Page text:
Granted, John Needham was only a Vice President. However, he was the VP of Business Development and Operations, a section of SOE that has widely been criticized by just about everybody whose ever played any SOE game. Given the complete collapse of many SOE properties, somebody with a position of authority in any Operations or any kind of business development is the dead last person I'd want in authority position in any company I ran.

Yet, Cryptic Studios went out and hired one of the guys whom the fall of SOE is in a position of legitimate blame. Then to think that Cryptic Studios wants this guy to be their Chief Executive Officer? A position of even higher authority?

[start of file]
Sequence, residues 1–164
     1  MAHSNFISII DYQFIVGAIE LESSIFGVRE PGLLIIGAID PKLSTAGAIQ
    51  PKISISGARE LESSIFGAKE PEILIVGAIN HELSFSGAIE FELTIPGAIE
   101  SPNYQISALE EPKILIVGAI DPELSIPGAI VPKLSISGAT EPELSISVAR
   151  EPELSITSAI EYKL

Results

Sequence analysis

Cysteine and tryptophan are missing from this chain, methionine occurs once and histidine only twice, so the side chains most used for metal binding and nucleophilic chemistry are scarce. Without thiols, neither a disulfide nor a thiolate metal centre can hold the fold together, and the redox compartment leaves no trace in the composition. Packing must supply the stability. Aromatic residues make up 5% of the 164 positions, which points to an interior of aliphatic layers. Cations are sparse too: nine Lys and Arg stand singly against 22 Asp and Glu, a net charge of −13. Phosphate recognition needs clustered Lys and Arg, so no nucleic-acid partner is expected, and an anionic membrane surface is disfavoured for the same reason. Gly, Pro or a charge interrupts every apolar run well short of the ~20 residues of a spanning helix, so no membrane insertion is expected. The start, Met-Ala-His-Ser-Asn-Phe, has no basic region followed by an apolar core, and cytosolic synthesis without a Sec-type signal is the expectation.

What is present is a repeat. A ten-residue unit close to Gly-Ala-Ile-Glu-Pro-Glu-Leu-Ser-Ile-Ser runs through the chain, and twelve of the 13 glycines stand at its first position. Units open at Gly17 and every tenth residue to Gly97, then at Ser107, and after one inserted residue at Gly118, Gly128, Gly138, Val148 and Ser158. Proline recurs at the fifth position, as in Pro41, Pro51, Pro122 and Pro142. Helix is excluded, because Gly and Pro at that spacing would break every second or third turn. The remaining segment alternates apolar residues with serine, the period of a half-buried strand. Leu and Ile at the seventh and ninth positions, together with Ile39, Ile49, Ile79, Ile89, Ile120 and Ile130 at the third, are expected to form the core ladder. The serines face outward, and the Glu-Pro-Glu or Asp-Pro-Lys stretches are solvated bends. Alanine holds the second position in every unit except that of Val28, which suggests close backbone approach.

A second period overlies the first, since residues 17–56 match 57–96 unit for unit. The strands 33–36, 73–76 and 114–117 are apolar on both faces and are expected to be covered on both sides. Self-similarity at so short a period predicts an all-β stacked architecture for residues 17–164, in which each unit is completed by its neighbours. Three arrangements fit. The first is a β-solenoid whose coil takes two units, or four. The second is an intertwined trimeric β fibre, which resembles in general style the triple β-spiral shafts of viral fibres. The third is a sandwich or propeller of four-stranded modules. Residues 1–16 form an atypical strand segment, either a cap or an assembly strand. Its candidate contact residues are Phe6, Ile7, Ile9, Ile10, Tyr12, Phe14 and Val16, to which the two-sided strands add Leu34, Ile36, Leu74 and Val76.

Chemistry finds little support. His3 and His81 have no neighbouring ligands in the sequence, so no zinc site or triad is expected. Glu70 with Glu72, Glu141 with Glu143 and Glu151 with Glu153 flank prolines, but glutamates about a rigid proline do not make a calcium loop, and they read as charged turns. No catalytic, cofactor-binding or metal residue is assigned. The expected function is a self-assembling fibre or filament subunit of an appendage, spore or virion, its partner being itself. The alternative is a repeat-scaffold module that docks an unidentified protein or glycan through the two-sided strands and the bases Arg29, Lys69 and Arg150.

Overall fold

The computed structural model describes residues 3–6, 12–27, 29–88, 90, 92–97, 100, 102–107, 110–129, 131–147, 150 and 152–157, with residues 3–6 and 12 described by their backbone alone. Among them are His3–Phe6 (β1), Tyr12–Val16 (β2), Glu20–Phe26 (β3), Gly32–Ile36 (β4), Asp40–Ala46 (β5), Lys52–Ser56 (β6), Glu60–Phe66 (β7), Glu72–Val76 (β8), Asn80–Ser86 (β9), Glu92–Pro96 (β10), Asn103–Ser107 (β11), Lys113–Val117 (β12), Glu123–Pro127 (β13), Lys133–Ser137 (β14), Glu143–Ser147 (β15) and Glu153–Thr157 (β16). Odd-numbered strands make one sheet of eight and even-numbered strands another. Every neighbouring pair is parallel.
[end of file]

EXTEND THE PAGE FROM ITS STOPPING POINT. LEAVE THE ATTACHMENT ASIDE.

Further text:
As I said at the start, I consider Jack Emmert an idiot. He's a lot like John Romero to me. Brilliant once, and that's all that was required. City of Heroes is a fantastic concept realized into a playable game. However, John Romero is known for several really bad business decisions and design choices surrounding Diakatana. While Romero's former partner, John Carmack, continues to succeed at ID Software, Romero pretty much languishes in a small mobile game developer. In the same manner, Jack Emmert's design choices for City Of Heroes ranged from the brilliant, to those that resulted in significant amounts of existing players to leave the game in outright anger. Right off hand, the quick shot of pulling anybody from SOE to handle CEO duties? Is a business choice as bad, if not worse, than any Romero ever made. The picture of a parallel is completed by Matt Miller, the person behind Positron, whom despite being on watch on the launch of the bug filled Issue 12, is looking a lot more like the calm and collected John Carmack ever day.